I promised I would only share ideas that made an impact on my Christian friends, but to go further I’ll have to break that promise. Specifically, I’ve got some issues regarding the historicity of Noah’s flood and Jesus’ timing on the second coming. Part of the reason it didn’t have an impact is that there are so many moving parts:
I’d have to establish that:
- Noah’s flood and Jesus’ second coming matter
- I’m reading the Bible right
- I’m reading reality right
Christians disagree with me, but on different points. Many pointed me to the centuries of work done by Christian writers on these topics, and a lot of them wondered why this mattered to me at all. Why throw everything out over it? Looking back, I can see that these questions did not matter until I was far along in doubting, and they aren’t the deciding factor for me now either. They are more like a bonus, and if they were solved, it wouldn’t bring me that much closer to believing.
So I’m not going to argue the points, except for why they matter, and a little bit about Jesus’ second coming in the last section. You’ll notice how my frustrations with trying to hear God’s voice have led me to adopt a set of standards that I also want to apply to ancient written revelations of religions in general, such as the Bible. I also talk a little bit about why science seems to get a little more slack from me than religion–a criticism I’ve heard a couple times.
Why it Matters
If you’re like me, you want to build trust in sources. And if you want to build trust in a revelation, journalist, or doctor, then testable claims are helpful. They are not the only claims that matter, nor are they the only claims that can be true or false or meaningful. They are a gift.
And when it comes to revelation, the greatest of these gifts are specific claims that are not testable when they are made, but are testable later. I call these “juicy claims,” and we’re fortunate to have them. If I had my way, every religion or psychic that makes such claims would carve them into rock and then revisit them later to see how many were right. These claims aren’t completely make-or-break for me, but they do help.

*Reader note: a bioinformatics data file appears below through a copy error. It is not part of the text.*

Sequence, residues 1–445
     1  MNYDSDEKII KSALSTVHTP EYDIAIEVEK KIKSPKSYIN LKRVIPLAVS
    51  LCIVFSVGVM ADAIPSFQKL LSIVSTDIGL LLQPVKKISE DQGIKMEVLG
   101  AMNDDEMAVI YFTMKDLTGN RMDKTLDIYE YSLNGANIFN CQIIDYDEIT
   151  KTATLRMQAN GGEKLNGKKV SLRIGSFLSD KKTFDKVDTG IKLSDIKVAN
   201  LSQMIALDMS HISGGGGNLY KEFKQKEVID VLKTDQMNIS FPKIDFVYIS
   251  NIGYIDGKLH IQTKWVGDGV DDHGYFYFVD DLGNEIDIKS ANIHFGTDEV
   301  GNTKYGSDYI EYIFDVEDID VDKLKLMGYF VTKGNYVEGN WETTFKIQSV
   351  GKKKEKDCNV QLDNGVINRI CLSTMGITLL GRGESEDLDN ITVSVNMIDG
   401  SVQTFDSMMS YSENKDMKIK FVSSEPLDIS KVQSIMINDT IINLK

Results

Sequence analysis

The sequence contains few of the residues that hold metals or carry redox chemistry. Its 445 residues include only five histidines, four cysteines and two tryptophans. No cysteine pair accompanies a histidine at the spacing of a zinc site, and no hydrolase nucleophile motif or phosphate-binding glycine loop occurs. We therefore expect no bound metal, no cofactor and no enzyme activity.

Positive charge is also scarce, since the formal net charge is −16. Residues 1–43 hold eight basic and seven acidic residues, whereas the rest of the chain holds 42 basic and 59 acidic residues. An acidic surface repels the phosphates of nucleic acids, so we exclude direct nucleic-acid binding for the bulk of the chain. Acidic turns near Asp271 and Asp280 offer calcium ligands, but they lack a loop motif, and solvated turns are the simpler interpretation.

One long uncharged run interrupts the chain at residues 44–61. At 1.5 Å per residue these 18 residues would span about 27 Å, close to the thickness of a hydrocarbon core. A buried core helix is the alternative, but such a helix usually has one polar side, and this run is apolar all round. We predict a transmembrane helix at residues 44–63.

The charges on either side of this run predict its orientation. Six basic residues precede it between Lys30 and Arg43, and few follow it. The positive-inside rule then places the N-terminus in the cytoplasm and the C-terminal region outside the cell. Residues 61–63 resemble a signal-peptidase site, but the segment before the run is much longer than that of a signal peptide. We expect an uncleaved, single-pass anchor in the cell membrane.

I used to say, “if I can trust a source on things I can test, then I can build trust on things I can’t test.”
A few of my Christian friends corrected me by saying, “hold on just a second Sean, a religion could get a lot of testable things right and still be wrong about the untestable things.” One even said, “If people know this is how you decide things, they could exploit you.”
I agree and would take it even further now. Juicy predictions proven true could begin to establish that someone has a connection with a source of information outside of us, and that’s it. We still wouldn’t know if the source of the revelation is being honest about who they are or their intentions. I suppose it shouldn’t surprise me that Christians warned me of this, given how much the Bible warns of signs and wonders accompanying false prophets.
To make it more complicated, there is the possibility that technology is involved, as in the case of fake faith healer Peter Popoff, whose wife would speak into a small speaker in his ear using a wireless mic. There are ways to rule that out though. For example, skeptics will sometimes create fake online identities before going to a psychic show to try to rule out that a psychic is just getting information from the internet. Skeptic James Randi used to invite people who claimed magic powers onto his shows. He used to say things like, “Well, a lovely display of extra-sensory perception. A skeptic could say that you’re using XYZ, so to avoid that accusation, we’ll do it again with conditions ABC to rule that out.”
On Apologetics and Historical Writings
Some of my Reform (better known as Calvinist) friends encouraged me to consider historical writings and commentaries to see how God has revealed scripture through time, and how these writers have handled my challenges. I can see how it provides authority to be able to say “this verse has been understood this way through the centuries.”
What I would add is that if we’re looking at testable claims like Noah’s flood or Jesus’ second coming, we should weigh more heavily the writings from before those claims became testable, and look to see if there is a process of rationalization in the writings during and after.
The reason becomes clear if we consider another faith tradition. Mormons claim that Native Americans descend from Jews. If science advances to a point to be able to test that claim genetically, we should look at Mormon writings from before it was testable to determine what the claim was and its significance. This is regardless of whether it turns out to be true or false. Whether we are critics or believers, using this standard can help all of us avoid reinterpreting, downplaying, or magnifying what we’re hoping is in the text.